Because, when you think about it, seriously, who else could it be?
Of course it’s her. That wasn’t even hard.
The fact that Thornetta Davis is being crowned by the Detroit Blues Society as Detroit’s new Queen of the Blues on Sunday, August 23, isn’t really the story here. Not to anyone who has ever heard this woman sing, or is familiar with her accomplishments. The story is how she got here. That, and and her relationship with the late Alberta Adams, who held the undisputed title for years before her death on Christmas Day, 2014.
“I called her Momma. From the first time I saw her, in the late ‘90s, I went to see her and she was at a bar on Gratiot. And it was late night, after three o’clock in the morning. What was his name…Lenny. Remember Lenny? He was like this white motorcycle dude and he owned this after hours restaurant where you could pass you a little alcohol in a coffee cup and she was the entertainment. And the first time I saw her, I was like, ‘Look at her go!’ because she went all the way down to the floor, then came back up. I mean she had to be at least in her late ‘70s then. So yeah, I’ve loved her ever since. That was the first time I had heard of her, and she was the entertainment, and she was there every weekend.
“Eventually we ended up talking somehow, and we ended up doing shows together. RJ was managing her at the time. I learned longevity in the blues, and I learned I can sing this music until I drop. There’s no age limit on it as far as the music industry goes.”
But long before her fated meeting with Alberta, there was Thornetta as a young child, singing herself to sleep to her favorite Michael Jackson song, “I’ll Be There.” Then singing again once she woke up. Singing herself through the day. Child was always singing, to the point where her sister encouraged her – practically shoved her – into stepping in front of an audience to let others hear what she already knew (like sisters do) was something special of a voice. Looking back down the road, it becomes apparent that someone – or something – was guiding her steps. Although there was practically no way to see it at the time, a brief chronicle of events makes it plain how seemingly all the rights doors seemed to open at the right time. Or close.
“I always tell people, I didn’t choose the blues, the blues chose me. At the time it chose me I was a young mother, on welfare, I loved to sing. And even in the singing groups I was in at the time – I was in a female singing group called Chanteuse – we were really doing R&B. At that time we couldn’t get gigs, and we didn’t know how to break into a situation where we’d be working all the time. I had just started going out to jam sessions, and I ran into David Murray, and he introduced me to the band that became The Chisel Brothers. They just called me up on stage one time, and I knew one blues song, that was in ’87, and it was Stormy Monday. At the time they were calling me up I was just singing background, and the audience kept yelling up, “Let the girl sing!” and they looked at me like, You know any blues? And I was like ..Stormy Monday..? And so that’s how I became a blues singer. This was at the Red Carpet on the east side. And then I just keep going, and one night Roscoe said, ‘You want a gig at Alvin’s’ I was like ‘yeah!’ And he offered me, that night, I think it was $50. To me that was so much money. That was a whole lotta money to me. I was like yeah I’ll do it! And when we got there that night, it was barely anybody there and he (Roscoe) looked at me as he was just getting ready to pay me, and he goes to me, ‘OK, if you want your $50 then you can just be a guest person for tonight. But if you wanna join the band, then you have to take $20. And all of the sudden my life flashed before my eyes, non-gigs, my baby, and I’m on welfare, and I was like ‘OK. I’m a member.’ ”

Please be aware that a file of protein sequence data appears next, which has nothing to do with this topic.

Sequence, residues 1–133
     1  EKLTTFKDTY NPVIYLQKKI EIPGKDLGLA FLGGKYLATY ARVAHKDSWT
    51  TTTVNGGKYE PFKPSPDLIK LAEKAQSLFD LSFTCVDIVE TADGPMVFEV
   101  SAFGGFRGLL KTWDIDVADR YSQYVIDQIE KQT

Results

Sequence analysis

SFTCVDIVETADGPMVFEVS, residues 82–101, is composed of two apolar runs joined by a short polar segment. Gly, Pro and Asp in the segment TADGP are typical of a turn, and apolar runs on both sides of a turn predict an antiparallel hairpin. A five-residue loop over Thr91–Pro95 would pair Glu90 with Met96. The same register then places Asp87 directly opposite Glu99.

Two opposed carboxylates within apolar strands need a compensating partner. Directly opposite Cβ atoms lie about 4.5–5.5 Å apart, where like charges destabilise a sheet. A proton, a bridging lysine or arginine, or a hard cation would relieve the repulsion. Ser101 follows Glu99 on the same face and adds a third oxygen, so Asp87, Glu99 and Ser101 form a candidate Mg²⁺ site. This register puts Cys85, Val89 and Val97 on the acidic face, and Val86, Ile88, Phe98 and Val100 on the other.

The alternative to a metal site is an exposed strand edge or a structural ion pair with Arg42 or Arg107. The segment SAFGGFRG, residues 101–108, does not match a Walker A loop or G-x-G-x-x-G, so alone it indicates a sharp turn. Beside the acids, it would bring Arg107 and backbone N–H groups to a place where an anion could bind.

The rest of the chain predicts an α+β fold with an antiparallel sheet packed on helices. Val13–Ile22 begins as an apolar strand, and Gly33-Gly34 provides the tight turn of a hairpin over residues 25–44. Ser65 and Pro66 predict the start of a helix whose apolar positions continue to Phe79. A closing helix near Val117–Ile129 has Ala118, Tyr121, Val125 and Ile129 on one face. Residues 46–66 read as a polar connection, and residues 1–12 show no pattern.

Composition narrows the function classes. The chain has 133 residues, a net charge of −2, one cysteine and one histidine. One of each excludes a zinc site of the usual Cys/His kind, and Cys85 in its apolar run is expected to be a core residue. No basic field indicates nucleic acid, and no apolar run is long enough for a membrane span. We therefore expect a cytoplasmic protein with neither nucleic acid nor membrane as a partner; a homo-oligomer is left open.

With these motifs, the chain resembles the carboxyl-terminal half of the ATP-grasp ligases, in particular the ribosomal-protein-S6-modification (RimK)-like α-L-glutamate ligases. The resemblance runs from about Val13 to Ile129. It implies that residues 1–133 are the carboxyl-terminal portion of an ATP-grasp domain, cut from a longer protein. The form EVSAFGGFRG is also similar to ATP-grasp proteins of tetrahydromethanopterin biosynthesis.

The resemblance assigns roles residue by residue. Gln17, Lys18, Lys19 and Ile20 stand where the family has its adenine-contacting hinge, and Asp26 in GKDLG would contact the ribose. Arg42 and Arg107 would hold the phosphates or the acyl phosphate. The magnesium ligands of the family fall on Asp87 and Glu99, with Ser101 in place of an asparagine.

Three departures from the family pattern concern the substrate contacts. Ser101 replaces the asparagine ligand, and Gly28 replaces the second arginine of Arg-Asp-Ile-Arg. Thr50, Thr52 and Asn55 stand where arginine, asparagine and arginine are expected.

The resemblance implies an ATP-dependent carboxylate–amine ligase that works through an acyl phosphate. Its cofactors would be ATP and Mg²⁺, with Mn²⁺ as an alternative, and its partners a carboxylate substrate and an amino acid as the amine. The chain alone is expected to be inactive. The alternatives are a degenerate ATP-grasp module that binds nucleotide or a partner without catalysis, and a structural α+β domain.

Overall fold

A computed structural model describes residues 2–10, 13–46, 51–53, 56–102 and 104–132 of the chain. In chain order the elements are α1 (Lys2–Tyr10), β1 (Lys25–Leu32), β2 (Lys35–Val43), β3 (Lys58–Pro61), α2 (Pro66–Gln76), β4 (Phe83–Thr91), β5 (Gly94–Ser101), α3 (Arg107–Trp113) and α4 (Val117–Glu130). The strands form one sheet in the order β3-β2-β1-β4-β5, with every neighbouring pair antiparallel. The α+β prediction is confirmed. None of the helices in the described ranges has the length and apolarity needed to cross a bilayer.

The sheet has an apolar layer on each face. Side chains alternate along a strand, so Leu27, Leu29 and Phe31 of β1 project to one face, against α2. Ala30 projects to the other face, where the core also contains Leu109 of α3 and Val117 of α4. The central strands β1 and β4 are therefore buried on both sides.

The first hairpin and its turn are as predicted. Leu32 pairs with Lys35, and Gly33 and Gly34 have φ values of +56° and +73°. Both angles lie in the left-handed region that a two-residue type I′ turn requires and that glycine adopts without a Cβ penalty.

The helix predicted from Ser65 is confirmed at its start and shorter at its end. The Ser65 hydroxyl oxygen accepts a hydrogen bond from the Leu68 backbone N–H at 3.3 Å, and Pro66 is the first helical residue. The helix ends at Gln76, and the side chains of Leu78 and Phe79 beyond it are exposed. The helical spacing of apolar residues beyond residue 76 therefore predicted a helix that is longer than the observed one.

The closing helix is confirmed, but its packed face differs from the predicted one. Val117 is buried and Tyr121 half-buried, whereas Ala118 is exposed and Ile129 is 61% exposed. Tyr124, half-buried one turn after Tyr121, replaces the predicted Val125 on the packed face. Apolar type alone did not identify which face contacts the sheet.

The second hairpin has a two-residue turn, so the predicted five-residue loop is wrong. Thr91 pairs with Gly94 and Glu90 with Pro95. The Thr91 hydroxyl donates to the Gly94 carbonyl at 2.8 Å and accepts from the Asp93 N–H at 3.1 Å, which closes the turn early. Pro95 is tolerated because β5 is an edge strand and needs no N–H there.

She can laugh about it now. But back then…?
So when someone tells their own story this well, the best thing is to just get out of the way. But from there Thornetta began getting so many gigs that she had to let the welfare office know that she didn’t need them anymore, then moved on to Sub Pop records, which led to her next step to Big Chief, which led to her recording “Sunday Morning Music” where she was gently ‘advised’ that she’d better start writing some songs of her own.
“And so they say, ‘OK, Thornetta, it’s been six months. You need to start writing.’ And lo and behold, at that time I was in a relationship that took me through some changes. So I just started writing about it. And the music was already there, so I wrote my lyrics to what was on the tape that they gave me. A little cassette tape. God, that was a long time ago! And that’s where ‘Sunday Morning Music’ came from. The title track? I was just staring out the window at the crack house that was next door to me. I remember church on Sunday morning, and they were closing Catholic churches, and the lyrics just came.”
But that was in 1996. The focus now is on her next project which has been coming for…well…a little more than 15 years. But hey, it’s Thornetta. And the album will be called “Honest Woman,” brought to you by Detroit’s very own Queen of the Blues.
“I done been through bad relationships, bad karma, and now I’m happy I’m in the relationship I’m in, and I feel more creative than ever, and inspired.”
It’s good to be Queen.
Thornetta Davis will be crowned “Queen of Detroit Blues” by the Detroit Blues Society on Sunday, August 23, 4-8 pm at the “Blues Girls of Summer” event to be held at the Hastings Street Ballroom, 715 East Milwaukee, Detroit, MI.